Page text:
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Ax 0 Tx expjαR−φx Rφx 0 Bx cosφx − sinφx Ax 0 cosφx sinφx expjα sinφx cosφx 0 Bx − sinφx cosφx Axcos2 φx Bxsin2 φx Ax − Bx sinφx cosφx expjα : Ax − Bx sinφx cosφx Axsin2 φx Bxcos2 φx Ax and Bx are the complex amplitude modulation for the two orthogonal components vibrating along the slow and fast axes, respectively. R is the rotation matrix. φx is the angle between the x axis and the local slow axis. α is the phase bias. Ax and Bx satisfy the constraints jAxj ≤ 1 and jBxj ≤ 1. For polarizers with space-variant transmission axis, Ax 1 and Bx 0. For wave plates with spacevariant azimuth angle, Ax exp−jΓ∕2 and Bx expjΓ∕2 where Γ is a fixed term. φx is space variant. For wave plates with space-variant phase retardation, Ax exp−jΓx∕2, Bx expjΓx∕2, and φ is a fixed term. The design of a polarization grating beam splitter realizes a high diffraction efficiency and great uniformity by opti-

optimization include the azimuth angles of linear polarization of each split beam and the normalized x and y components of the optical field in the front focal plane, given by

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V x ρx expjθx ;

(2)

V y ρy expjθy :

(3)

The incident beam is supposed to be linearly polarized in x direction and its Jones vector is 10. By inserting the expressions of Ax and Bx to Eq. (1), the transmission Jones matrix of the grating can be written as

cos2 φ exp−jΓ∕2 sin2 φ expjΓ∕2 Tx expjα −j sin2φ sinΓ∕2 mizing the parameters in the transmission matrix, such as Γ (x) or φ (x). We propose a scheme that does not rely on optimizing parameters in the transmission matrix. The grating is placed in the front focal plane of a lens. The split beams in the back focal plane are assumed to have identical intensity distributions and various azimuth angles of linear polarization. By tuning the azimuth angles of linear polarization of each split beam in the back focal plane in order to match their combined intensity distribution in the front focal plane to that of the incident beam, the design parameters of the polarization grating are obtained accordingly. Figure 1 explains the optimization process to design a polarization grating beam splitter. The procedure is equivalent to the vectorial Fourier analysis introduced in [11,20,21]. The grating design is valid for fully polarized and fully coherent light in paraxial systems. The x and y components in the back focal plane are Fourier transforms related to the x and y components in the front focal plane, respectively. By tuning the azimuth angles of linear polarization of each beam in the back focal plane, their combined intensity distribution in the front focal plane fits a single Gaussian intensity distribution very closely. Although the optical field in the front focal plane has a Gaussian intensity distribution, its polarization states are space variant, which results from the conversion from a normal incident Gaussian beam by the polarization grating. The results of the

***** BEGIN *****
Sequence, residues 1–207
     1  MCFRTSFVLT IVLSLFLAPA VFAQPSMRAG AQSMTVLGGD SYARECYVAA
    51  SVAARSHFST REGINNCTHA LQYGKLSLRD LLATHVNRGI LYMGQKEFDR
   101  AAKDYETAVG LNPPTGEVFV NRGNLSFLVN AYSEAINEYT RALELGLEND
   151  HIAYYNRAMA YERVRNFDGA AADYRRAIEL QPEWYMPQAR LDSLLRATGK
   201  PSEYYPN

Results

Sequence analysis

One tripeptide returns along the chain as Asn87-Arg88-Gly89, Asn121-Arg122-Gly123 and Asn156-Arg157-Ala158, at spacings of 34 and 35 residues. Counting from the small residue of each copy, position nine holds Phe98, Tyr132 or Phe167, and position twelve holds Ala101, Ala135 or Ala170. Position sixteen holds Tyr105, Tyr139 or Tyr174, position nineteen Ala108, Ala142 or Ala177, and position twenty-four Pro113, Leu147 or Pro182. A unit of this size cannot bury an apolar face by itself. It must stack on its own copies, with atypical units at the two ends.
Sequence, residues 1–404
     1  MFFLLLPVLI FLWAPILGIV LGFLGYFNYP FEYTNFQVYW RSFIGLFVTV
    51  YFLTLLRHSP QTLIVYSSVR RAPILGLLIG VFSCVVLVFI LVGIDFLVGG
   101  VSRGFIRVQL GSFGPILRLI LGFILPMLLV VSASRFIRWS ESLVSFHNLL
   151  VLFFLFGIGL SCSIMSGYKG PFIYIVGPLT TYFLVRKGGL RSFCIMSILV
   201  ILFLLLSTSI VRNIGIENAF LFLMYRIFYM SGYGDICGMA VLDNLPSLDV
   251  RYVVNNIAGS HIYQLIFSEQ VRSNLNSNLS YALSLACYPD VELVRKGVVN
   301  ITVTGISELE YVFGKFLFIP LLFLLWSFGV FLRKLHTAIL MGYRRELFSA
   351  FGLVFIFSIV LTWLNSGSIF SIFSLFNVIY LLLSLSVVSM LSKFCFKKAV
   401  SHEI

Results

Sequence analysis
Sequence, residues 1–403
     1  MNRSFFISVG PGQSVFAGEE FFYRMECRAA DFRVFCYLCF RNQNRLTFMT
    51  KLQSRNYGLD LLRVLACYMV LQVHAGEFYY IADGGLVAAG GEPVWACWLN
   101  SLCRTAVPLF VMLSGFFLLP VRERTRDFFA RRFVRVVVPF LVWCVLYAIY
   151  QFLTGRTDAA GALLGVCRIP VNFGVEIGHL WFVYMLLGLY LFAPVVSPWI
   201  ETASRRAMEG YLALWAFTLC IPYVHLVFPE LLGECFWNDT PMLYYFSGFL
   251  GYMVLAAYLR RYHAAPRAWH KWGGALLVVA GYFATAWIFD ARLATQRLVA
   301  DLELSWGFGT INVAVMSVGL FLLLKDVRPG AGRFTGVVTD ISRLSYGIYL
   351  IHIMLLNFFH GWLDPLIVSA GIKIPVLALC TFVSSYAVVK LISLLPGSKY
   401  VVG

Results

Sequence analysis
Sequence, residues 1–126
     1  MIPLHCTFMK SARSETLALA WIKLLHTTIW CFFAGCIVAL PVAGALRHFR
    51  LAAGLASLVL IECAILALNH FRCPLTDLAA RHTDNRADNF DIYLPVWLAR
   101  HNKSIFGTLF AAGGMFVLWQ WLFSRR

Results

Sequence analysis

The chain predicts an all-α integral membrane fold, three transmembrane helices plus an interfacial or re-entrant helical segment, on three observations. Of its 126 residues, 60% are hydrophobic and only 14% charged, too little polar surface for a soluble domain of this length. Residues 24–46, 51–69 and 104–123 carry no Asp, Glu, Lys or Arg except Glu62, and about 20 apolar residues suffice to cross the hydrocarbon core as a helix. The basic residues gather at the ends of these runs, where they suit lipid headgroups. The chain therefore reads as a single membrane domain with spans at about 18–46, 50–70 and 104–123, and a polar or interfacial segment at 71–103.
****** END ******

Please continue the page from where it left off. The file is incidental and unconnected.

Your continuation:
(1)

−j sin2φ sinΓ∕2 : sin2 φ exp−jΓ∕2 cos2 φ expjΓ∕2

(4)

The Jones vector of the optical field in the front focal plane equals VV xy , where V x cos2 φ exp−jΓ∕2 sin2 φ expjΓ∕2 expjα ρx expjθx ;

(5)

V y −j sin2φ sinΓ∕2 expjα ρy expjθy : (6) From Eqs. (5) and (6), a set of grating design parameters can be calculated as follows: for phase bias, π (7) α θy ; 2 for phase retardation, π ; Γ 2 arccos ρx cos θx − θy − 2

(8)

and for azimuth angle, φ

ρy 1 : arcsin sinΓ∕2 2

(9)

3. Simulation

The simplest case is a duplicator that splits an incident linearly polarized beam to two orthogonal linearly polarized beams. The azimuth angles of